Zipping files using GZipStream

Zipping files using GZipStream
In this tutorial we're going to use the new namespace of .NET 2.0, System.IO.Compression, which will give us access to the GZipStream class which will then allow us to compress and decompress ZIP files.

The GZipStream class Before .NET Framework 2.0 if you wanted to compress files you had to use a 3rd party library capable of doing that. In the new version there is a new namespace: System.IO.Compression that contains the GZipStream class. The GZipStream class has methods allowing us to both compress and decompress a file into a zip archive.

The disadvantage of using the GZipStream class over a 3rd party product is that it has limited capabilities. One of the limitations is that you cannot give a name to the file that you place in the archive. When GZipStream compresses the file into a ZIP archive, it takes the sequence of bytes from that file and uses compression algorithms that create a smaller sequence of bytes. The new sequence of bytes is put into the new ZIP file. When you open the ZIP file you will open the archived file itself; most popular ZIP extractors (WinZip, WinRar, etc.) will show you the content of the ZIP as a file that has the same as the archive itself:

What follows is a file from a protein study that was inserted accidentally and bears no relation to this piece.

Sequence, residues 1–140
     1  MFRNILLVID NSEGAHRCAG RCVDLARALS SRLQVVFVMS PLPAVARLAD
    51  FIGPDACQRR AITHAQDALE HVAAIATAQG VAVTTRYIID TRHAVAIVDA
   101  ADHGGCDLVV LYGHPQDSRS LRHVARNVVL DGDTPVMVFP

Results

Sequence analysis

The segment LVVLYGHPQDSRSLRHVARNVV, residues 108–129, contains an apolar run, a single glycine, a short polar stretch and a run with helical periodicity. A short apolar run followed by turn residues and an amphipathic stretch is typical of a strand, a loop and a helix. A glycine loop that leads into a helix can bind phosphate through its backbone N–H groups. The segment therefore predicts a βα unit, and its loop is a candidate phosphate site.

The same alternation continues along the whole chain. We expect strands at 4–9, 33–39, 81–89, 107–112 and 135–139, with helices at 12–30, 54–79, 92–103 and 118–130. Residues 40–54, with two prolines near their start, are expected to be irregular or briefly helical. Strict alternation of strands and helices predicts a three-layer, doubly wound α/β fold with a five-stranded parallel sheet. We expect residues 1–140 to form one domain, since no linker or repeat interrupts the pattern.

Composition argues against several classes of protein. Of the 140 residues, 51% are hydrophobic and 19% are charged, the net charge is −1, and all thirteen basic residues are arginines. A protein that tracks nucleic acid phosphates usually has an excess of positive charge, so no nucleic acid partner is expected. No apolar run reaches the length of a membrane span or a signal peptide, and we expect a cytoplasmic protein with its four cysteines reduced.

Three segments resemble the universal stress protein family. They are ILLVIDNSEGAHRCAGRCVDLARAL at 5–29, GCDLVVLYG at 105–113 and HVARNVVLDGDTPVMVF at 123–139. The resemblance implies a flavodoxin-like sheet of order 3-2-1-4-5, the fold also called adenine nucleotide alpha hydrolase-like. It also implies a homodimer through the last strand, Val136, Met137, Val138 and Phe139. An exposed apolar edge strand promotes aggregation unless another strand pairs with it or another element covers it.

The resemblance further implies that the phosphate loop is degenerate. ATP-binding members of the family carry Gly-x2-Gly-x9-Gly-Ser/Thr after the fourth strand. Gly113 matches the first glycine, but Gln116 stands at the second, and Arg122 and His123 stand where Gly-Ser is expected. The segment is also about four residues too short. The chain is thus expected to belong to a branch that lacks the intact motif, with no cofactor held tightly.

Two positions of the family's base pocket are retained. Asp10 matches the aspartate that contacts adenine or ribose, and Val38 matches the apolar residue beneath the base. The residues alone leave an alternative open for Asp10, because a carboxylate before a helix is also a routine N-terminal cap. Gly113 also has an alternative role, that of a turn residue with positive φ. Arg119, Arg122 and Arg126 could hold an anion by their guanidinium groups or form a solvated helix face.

This is because the GZipStream class does not specify a file name in the headers, as metadata, since in the specifications of the GZIP file format, declaring a name is optional. This may not bother you if you are using this class to compress files used by your application (such as archiving old documents) and when the usage of the GZipStream class comes just a single piece of the puzzle in a larger application.

On the other hand, if you’re looking to build an application that has the solely purpose of zipping and unzipping files, you will encounter some of GZipStream’s limitations. If you decide to use a 3rd party class library in that case, or if you prefer to stick to GZipStream, is your choice. There is a workaround for giving file names to the ZIPs content by modifying the headers yourself. For information on how to change the headers, please see the MSDN Magazine article entitled NamedGZipStream, Covariance and Contravariance.